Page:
Zenas Hovey Gurley Jr. and His Fight Against Polygamy and Mormon Zion
John Whitmer Historical Association Journal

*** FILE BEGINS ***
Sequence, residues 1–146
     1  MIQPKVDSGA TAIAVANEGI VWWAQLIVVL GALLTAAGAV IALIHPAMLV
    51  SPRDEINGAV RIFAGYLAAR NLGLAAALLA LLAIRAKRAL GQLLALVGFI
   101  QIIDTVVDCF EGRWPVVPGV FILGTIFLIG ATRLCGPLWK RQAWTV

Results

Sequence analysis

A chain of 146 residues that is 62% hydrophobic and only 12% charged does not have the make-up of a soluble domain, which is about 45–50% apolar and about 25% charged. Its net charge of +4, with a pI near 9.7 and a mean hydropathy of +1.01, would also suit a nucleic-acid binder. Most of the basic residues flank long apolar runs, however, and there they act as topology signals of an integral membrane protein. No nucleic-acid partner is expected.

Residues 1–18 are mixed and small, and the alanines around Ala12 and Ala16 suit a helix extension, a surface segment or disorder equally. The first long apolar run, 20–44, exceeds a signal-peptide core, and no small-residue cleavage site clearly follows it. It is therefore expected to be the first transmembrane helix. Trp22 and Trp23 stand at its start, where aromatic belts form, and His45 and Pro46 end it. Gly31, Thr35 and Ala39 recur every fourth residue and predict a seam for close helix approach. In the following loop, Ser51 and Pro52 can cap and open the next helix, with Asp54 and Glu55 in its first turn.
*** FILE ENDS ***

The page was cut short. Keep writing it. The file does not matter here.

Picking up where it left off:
Gary C. Vitale discusses the efforts of Zenas Gurley and Edmund L. Kelley, members of the RLDS Church, to have polygamy declared illegal by getting the Edmunds-Tucker Act passed in Congress. He speculates that one reason they did this was to differentiate the RLDS Church from the Utah organization. He mentions speculation that the Edmunds-Tucker Act disenfranchised any Mormon voters who even believed in polygamy, reducing the number of voters in the Utah Territory, which then would remain a territory under the control of Congress instead of an independent state. Vitale also adds that there were those who believed that the Federal attack on polygamy was a smoke screen for breaking LDS political power in the area. He adds that Joseph Smith III may have avioded the concept of 'gathering,' or establishing a Zion-like area to deter any theocratic tendences in his followers. The author concludes that "the Mormon religious tenets of plural wives and Zion had to be abandoned or changed in order to be consonant with the values and beliefs that make us Americans."